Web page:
Attending Tuesday afternoon's IronBirds Media Day at Ripken Stadium was, as always, interesting.
There's a real sense of urgency in the air, as players scramble around the club level, giving interviews, filling out questionnaires and just generally try to get everything sorted out so they can start playing baseball, with many of them counting Aberdeen as their first stop on the professional level. Here are some thoughts I jotted down in my notebook during the spectacle that is Media Day:
We don't know the half: Attempting to talk with 19- and 20-year-old ballplayers, most of whom haven't been assigned a publicist nor been schooled in the art of sports cliches, always cements for me the thought that we, journalists, even those of us who might have played in college or high school, don't really know what these guys are going through mentally to succeed in the pro ranks. I usually throw out the old standard, "what did you work on over the winter?" at the start of an interview, and you can tell the players want to say, "a hundred little things, a thousand little things, everything, and I don't have time to talk about them all." Instead, they usually offer something brief about how they worked on their swing, how they're going to stay patient at the plate and see more pitches this season, and how hitting is a constant struggle to stay in top form (that's just the position players, pitching is another beast altogether).
This brings to mind a story I like. Supposedly, Yogi Berra was once standing outside the batting cage at the Yankees' spring training facility, trying to explain to a group of non-roster invitees how he changed the position of his hands on the bat in relation to the count (i.e. "on a 2-0 count, I put them here"). Growing frustrated by his inability to relay the information succinctly, and by the inability of his audience to grasp what he was talking about, Berra gave up and jogged into the batting cage, saying "never mind all the talking, just watch my hands." I'm sure these guys could explain exactly what they worked on over the winter, but it would be frustrating for them, and I wouldn't get it all.
Interview fail: Unlike in previous years, this time around the players were brought to the attending journalists (all two of us), one at a time. Without warning, as I was scanning the unofficial roster looking for names I recognized, the IronBirds public relations man walked over to my table with a player in tow, saying, "Dewey this is Sam, he'll answer any questions you've got." I froze, and not wanting to look at the roster to figure out who I was talking to, lest I look unprepared, I quickly asked, "so, Sam, what did you work on in spring training?" Turns out I was talking to Sam Kimmel, a catcher who was picked in the 18th round of the 2012 draft, out of Stetson University in Florida, so he had not been at the Orioles' spring training camp, and I had just shot myself in the foot. Kimmel grinned and said, "Ahh, I was playing in college, so I wasn't there, but . ." Knowing is half the battle, kids.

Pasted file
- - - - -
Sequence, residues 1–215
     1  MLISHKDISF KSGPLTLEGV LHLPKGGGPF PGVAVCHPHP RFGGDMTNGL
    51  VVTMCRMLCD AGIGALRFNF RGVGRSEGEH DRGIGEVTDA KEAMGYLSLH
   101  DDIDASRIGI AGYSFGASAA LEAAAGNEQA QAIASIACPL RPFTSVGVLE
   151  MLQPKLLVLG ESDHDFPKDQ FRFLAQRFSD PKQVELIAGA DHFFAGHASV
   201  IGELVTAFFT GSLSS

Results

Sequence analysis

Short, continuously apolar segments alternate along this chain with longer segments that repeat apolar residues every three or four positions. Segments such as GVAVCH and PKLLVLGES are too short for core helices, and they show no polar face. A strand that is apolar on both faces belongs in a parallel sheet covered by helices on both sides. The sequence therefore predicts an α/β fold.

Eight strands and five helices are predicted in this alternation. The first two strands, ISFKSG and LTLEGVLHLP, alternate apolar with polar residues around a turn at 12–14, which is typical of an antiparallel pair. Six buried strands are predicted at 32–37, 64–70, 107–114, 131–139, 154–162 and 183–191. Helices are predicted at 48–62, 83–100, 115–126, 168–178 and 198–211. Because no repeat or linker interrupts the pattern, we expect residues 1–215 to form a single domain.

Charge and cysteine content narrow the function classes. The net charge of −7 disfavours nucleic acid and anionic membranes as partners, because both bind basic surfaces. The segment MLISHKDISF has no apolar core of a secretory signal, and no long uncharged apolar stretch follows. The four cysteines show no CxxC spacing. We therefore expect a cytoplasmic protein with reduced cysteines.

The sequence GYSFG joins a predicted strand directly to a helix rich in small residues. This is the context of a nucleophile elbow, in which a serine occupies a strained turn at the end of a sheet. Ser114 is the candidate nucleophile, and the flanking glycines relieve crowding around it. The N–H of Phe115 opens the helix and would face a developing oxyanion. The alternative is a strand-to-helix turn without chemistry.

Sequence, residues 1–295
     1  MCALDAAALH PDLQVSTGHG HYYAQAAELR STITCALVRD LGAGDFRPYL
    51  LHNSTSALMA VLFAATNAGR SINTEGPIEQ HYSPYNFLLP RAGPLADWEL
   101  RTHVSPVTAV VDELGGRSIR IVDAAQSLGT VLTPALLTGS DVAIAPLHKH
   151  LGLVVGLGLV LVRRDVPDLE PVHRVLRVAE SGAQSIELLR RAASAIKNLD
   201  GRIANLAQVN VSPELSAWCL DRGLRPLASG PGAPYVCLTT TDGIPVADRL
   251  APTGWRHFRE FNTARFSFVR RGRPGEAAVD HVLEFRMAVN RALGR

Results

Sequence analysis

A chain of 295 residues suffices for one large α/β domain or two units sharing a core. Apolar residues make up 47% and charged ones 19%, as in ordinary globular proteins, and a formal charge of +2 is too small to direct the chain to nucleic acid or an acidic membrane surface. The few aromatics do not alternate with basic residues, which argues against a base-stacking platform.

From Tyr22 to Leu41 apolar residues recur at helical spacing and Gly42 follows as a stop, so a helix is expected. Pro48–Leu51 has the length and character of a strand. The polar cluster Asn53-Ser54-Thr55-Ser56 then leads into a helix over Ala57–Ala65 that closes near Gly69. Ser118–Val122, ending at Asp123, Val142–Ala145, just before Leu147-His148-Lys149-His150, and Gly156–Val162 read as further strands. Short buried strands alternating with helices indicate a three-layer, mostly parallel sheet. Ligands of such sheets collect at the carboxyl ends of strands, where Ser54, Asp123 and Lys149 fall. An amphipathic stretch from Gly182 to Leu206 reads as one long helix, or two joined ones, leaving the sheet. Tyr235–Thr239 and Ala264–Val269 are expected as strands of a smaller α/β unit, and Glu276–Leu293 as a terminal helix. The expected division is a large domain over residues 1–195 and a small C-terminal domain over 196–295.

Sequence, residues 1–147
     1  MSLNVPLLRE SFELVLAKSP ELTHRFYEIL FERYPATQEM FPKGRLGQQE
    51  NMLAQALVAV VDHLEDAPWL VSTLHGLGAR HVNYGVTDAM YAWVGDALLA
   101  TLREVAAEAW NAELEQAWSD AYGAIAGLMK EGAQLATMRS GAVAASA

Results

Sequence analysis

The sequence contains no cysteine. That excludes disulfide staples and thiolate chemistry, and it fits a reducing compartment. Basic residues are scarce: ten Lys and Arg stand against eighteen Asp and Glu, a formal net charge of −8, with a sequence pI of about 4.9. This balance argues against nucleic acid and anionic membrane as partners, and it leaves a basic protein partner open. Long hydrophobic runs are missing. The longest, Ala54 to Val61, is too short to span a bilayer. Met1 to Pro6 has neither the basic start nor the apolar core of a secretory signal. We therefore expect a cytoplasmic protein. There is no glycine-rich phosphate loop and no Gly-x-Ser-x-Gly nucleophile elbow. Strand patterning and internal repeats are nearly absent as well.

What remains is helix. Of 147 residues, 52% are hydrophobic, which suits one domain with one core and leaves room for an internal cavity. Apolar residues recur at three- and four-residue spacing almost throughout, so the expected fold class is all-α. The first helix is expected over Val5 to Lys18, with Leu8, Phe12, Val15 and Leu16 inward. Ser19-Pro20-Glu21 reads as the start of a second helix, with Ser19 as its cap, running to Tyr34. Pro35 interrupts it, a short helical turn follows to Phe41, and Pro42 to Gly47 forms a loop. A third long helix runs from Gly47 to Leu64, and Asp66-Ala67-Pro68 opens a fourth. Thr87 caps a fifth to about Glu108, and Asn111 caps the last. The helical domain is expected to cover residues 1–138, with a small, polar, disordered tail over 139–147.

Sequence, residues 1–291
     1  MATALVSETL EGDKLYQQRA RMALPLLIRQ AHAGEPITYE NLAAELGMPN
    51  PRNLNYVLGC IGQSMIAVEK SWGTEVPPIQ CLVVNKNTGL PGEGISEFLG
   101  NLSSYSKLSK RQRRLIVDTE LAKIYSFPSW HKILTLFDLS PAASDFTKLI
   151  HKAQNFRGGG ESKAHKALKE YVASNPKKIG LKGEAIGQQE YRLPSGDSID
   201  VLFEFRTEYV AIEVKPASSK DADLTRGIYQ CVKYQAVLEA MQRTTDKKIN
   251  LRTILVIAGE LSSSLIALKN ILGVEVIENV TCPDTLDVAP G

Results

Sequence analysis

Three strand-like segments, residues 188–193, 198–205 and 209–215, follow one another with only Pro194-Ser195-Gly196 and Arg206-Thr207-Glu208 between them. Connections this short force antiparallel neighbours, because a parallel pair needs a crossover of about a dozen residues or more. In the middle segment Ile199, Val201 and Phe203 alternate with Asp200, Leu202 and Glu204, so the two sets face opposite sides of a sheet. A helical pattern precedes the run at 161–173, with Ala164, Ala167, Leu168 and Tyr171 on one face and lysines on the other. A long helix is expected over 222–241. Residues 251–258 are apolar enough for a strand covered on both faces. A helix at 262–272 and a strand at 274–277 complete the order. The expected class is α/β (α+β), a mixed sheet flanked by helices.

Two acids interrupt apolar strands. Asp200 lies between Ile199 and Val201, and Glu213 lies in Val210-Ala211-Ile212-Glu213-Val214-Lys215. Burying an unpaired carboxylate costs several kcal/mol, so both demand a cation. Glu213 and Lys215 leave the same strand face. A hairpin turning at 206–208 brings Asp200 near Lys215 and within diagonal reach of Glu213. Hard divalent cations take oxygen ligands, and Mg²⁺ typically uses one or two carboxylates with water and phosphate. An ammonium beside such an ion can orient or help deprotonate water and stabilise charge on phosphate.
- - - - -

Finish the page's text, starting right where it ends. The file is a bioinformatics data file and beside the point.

Aberdeen's new manager is awesome, but he scares me a little: The IronBirds' new skipper, former major league catcher and Norfolk Tides manager Gary Allenson was giving interviews out of his clubhouse office on Tuesday afternoon. Allenson, with his impressive square mustache, high-and-tight haircut, and forearms that obviously belong to an ex-athlete, looks like he could grab any smarmy sportswriter he wanted, and break them into two pieces over his knee. Speaking of his playing days, Allenson was the front line catcher for the Boston Red Sox in 1979, his rookie season, notching 104 games behind the plate that year. On that same Boston team were four Baseball Hall of Fame members: Carlton Fisk, Dennis Eckersley, Jim Rice and Carl Yastrzemski. Think about that, folks. This guy mixed it up with baseball royalty during his first trip to the big leagues, and was tough enough to hook a job as the starting catcher. He's been there, and done that.
Also, he very much looks like the kind of manager who, when asked a stupid question, would glare until the person asking left the room or caught fire, or would simply say, "that's a stupid question." I once asked former Aberdeen manager Gary Kendall one of the dumbest questions of my career (why do you guys keep hitting into so many double plays?), and he answered me without getting mad, but Allenson doesn't strike me as the type who would. But, I don't even know the guy yet, and he was pleasant enough to everyone in his office on Tuesday, actually offering up some funny anecdotes from his own playing days, so we'll wait and see. It's a long season, and I'm sure I'll ask some stupid ones.
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